China’s Ministry of Human Resources and Social Security is proposing 15 new professions, including esports event managers and esports players.
China Recognizes Esports Managers and Players as a Profession
The Ministry of Human Resources and Social Security of China is planning to introduce 15 new career paths, including esports athletes and esports managers. The list has been put up for public debate until January 31.
According to bilingual Chinese sources, the news was picked up by social media with people openly stating that they would like to pursue such career opportunities while others cautioned to differentiate between esports fans and actual professional players.
Multiple Chinese-facing sources cited the following Weibo user Yang Laosi:
It is understandable that esports players are included on the preliminary list, but those in this category need to be true professionals rather than just video game fans.
Esports has been expanding in China, with the country hosting some of the most notable esports events, including Dota 2’s The International 9 in Shanghai this year and the now concluded Chongqing Major. The League of Legends’ 2020 World Championship is to be held in China next year.
Do You Need a License to Practise Esports?
Bizarre as it sounds, obtaining a professional status for esports players could benefit the industry as a whole. There are multiple benefits of giving a more official status to competitive video gaming, from sorting out visas to helping players earn a living while playing without feeling unnecessary pressure that their livelihood is on the line.
It can perhaps be argued that esports remuneration and prize pools should only go to the best in their respective fields, but guaranteeing a minimum income for talented players may eventually see new competitors make it to the top.
One good example is how the NBA 2K League treats its players, with the competitive format offering players salaried positions around $32,000 yearly.
With respect to tackling visa issues, giving a more formal status to esports professionals may just make enough sense. However, this is purely speculation, as the Ministry of Human Resources and Social Security hasn’t released any details why it seeks to give a formal status to esports athletes.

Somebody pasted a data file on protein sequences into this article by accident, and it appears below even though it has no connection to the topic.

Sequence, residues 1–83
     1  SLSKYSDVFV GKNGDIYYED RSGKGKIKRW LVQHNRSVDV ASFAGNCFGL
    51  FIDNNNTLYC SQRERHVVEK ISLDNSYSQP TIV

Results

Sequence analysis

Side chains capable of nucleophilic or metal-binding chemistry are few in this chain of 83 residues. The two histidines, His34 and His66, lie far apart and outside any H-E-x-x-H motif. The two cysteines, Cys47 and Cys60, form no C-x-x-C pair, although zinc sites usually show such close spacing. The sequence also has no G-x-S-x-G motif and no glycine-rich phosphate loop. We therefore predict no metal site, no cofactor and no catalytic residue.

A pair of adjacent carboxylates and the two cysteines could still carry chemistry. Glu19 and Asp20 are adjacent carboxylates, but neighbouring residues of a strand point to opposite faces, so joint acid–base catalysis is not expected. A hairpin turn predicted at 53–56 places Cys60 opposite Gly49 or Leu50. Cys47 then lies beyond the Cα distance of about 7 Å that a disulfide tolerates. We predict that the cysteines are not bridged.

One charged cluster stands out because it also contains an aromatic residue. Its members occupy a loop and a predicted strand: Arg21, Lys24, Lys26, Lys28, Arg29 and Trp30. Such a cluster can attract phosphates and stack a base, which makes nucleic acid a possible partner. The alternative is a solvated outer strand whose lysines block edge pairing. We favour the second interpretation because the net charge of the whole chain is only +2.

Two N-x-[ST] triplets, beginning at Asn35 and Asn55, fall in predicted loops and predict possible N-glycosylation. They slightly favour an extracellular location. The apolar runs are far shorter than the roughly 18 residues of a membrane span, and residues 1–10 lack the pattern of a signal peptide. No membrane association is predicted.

Japan Recognizes Esports Professionals
Japan has started opening up to the idea of competitive esports just recently. The country created the Japan Esports Union (JESU) at the turn of 2018, with the body tasked with popularizing esports in the country.
Since the beginning of 2018, the Japanese esports industry has increased 13 times its 2017 levels, to $42.3 million last year, a slightly unlikely figure given the fairly restrictive gaming climate.
However, JESU has been actively seeking to promote esports in the country, successfully fielding Japanese VS Asian competitors (as the teams were divided by the organizers) in the Challenge Cup.
Esports athletes in Japan also need to obtain a license and register themselves as players if they want to participate. The move was introduced back in February 2018 and it constituted a seismic shift in the overall gaming landscape.
Gzbrain Inc. Vice President Hirokazu Hamamura commented that Japan has the potential to catch up to the rest of the world in terms of esports talent:
This is the first big step. What’s really important for the esports movement is whether our players can become stars. And I think that’s coming.
Esports were also premiered as a test discipline at the 2018 Southeast Asia Games held in Jakarta, Indonesia. This year, esports is an official medaled discipline and the games are taking place in the Philippines later in 2019.
China and Japan Not Quite the Same
Chinese gamers haven’t faced quite the same restrictions as their Japanese counterparts. Tencent, one of the big publishers in the country, reported back in June 2018 that the esports market in China will reach $1.5 billion in 2020.
Still, another seemingly positive change for the Chinese esports climate is a relief, after China spent the latter half of 2018 targeting video games over “impropriety” and more.